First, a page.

Mike Huckabee wants you to believe that his entry into the race for the 2016 GOP nomination next week will be a game-changer. He‘s planning to follow up his announcement of his candidacy on May 5th by barnstorming through Iowa for two days. His mission: to win back social conservatives from the likes of Ted Cruz, who’s been making steady inroads of late, and to re-unify evangelicals behind a single galvanizing candidate.
But it’s unlikely to happen. Cruz has already caught fire and his flame is spreading rapidly to New Hampshire, where Huckabee has no standing. And it’s not just Cruz. Rick Santorum, who wrapped himself up in Huckabee’s mantle in 2012, and ended up as the chief antagonist to Mitt Romney, is probably running again, and is unlikely to cede his supporters. And Scott Walker, a preacher’s son, and Jeb Bush, who’s as pro-life as they come, are also vying effectively for the hearts and minds of Christian voters.
The fact is, Huckabee faces a very different Republican playing field than the one he encountered in 2008. It’s more supportive in some ways, but far more prohibitive in others. The main difference is that the party has moved steadily to the right since 2008, and Huckabee can no longer claim to be the only “true blue” conservative standard-bearer. When Huckabee ran in 2008, he faced an openly pro-choice centrist in the figure of John McCain and Romney, whose Mormonism and history of flip-flopping on social issues alienated many base voters. Huckabee could credibly claim to be the only candidate in the race who deeply cared about the party’s “moral” agenda.
Still, once Huckabee lost in South Carolina, where he failed to build support outside his evangelical constituency, he was finished as a contender for the nomination. He went on to win six southern states and garnered nearly 20 percent of the primary vote. Driving Romney out of the race early and dogging McCain for the length of the campaign was a moral victory — but a pyrrhic one, too. Huckabee never really demonstrated that he was a credible national contender. His overtures to non-religious voters, and those more concerned about national security and the economy, largely fell on deaf ears.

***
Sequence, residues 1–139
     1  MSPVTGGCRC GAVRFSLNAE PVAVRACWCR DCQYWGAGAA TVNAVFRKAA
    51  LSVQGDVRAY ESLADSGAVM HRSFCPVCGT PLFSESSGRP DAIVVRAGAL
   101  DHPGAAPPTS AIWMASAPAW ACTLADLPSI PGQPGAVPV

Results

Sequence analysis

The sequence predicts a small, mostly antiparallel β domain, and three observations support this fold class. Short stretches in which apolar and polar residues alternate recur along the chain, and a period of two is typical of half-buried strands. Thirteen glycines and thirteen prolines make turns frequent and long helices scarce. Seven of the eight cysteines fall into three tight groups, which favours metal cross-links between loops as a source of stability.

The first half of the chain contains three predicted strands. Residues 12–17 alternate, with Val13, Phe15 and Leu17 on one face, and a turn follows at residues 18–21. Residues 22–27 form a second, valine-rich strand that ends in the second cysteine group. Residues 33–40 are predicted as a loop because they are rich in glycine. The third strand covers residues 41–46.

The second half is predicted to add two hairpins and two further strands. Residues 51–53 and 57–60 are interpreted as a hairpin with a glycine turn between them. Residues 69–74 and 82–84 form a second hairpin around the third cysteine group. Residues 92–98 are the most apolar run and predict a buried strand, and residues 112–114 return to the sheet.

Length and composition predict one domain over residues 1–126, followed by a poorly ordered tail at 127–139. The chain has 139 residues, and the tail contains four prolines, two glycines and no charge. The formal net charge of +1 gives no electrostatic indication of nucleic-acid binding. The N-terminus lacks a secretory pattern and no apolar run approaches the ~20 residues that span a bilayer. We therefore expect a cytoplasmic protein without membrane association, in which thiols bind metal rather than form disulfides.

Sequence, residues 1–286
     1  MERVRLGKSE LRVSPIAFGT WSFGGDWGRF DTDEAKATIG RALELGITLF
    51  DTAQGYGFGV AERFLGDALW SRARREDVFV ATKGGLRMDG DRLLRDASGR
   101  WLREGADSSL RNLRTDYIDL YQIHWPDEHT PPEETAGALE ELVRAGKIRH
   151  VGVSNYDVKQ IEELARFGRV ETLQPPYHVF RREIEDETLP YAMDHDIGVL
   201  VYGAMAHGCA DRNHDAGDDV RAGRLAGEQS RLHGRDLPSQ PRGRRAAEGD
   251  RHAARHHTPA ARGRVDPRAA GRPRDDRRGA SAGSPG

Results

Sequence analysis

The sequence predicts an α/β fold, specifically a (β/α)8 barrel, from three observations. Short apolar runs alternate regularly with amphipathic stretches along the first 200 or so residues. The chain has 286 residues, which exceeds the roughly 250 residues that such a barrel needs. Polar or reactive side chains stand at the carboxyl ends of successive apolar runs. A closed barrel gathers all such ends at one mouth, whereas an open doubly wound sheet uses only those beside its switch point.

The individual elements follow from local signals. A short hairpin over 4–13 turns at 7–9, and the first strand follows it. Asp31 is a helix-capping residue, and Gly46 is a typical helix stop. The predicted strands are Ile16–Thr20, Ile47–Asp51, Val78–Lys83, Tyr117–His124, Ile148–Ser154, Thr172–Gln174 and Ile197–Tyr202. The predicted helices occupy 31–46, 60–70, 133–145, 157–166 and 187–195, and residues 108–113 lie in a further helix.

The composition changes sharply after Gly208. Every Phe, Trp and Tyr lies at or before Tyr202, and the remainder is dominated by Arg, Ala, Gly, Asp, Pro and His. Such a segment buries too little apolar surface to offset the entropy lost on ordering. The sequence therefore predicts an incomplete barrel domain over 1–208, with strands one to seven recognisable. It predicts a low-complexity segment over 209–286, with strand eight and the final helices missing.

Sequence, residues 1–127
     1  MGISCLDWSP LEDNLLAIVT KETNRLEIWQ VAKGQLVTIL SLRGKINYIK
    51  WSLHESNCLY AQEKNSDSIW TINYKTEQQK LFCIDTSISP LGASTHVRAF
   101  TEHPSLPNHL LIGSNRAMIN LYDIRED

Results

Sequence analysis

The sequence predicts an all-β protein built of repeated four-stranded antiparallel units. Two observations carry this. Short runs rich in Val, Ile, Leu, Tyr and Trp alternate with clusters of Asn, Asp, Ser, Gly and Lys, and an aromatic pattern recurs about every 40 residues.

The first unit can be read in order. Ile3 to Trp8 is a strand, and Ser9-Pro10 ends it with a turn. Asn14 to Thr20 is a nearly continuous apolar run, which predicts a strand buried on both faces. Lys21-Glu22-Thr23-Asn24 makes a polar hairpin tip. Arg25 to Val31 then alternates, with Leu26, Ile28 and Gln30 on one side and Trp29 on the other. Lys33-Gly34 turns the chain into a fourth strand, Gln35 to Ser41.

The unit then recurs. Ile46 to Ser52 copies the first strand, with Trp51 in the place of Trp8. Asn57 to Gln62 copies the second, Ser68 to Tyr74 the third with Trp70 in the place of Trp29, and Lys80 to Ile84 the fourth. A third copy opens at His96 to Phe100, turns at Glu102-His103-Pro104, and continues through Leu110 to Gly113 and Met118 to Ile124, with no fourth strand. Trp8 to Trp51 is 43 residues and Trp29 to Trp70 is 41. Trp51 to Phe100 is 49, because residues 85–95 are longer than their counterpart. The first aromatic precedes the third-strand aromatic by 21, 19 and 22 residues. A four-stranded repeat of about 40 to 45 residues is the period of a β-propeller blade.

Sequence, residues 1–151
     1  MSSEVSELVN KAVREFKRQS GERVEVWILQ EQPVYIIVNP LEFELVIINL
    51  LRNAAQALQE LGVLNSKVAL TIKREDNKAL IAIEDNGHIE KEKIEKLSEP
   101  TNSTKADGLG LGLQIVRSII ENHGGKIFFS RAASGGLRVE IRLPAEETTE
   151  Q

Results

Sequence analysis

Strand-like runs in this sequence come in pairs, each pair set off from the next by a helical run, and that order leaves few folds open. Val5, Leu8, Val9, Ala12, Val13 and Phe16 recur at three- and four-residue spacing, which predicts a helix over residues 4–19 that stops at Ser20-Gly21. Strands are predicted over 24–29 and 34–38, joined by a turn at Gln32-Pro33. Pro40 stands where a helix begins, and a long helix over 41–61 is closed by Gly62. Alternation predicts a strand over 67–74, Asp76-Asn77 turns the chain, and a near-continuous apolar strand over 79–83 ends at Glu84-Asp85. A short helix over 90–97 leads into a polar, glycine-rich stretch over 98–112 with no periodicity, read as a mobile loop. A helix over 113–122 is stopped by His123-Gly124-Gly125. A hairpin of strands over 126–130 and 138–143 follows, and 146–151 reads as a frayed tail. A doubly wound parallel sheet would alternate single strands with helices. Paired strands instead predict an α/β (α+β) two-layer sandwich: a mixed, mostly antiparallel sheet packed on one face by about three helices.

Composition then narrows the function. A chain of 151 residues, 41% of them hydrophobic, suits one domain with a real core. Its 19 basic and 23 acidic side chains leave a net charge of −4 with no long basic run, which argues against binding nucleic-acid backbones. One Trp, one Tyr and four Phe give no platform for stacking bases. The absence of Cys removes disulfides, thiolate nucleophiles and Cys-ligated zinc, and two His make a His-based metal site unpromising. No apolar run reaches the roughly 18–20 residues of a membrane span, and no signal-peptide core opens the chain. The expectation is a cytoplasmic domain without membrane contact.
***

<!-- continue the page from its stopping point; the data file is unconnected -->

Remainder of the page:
Huckabee had a terrific shot at the GOP nomination in 2012, when polls showed him leading the Republican field and even beating Barack Obama, but he never committed himself to running. Some believe he simply didn’t have the fire in his belly. Huckabee himself seemed intimidated by the prospect of facing a popular incumbent, as he confessed to a Washington Post reporter in 2011. In any event, by not running, he left the field open to others, and many have rushed in to seize his fallen mantle.
Can Huckabee reclaim it? He’s clearly going to try. In Iowa next week, he’ll meet with religious leaders and to try to convince them to recognize him as their champion again. In recent stops in the Hawkeye State, he’s shown the magic of old. But Huckabee still needs to show that he can build a viable campaign apparatus and raise serious money. All of his rivals – Bush, Walker and even Cruz – have amassed large war chests and can afford to compete in all the key primary and caucus states. It remains to be seen whether Huckabee can.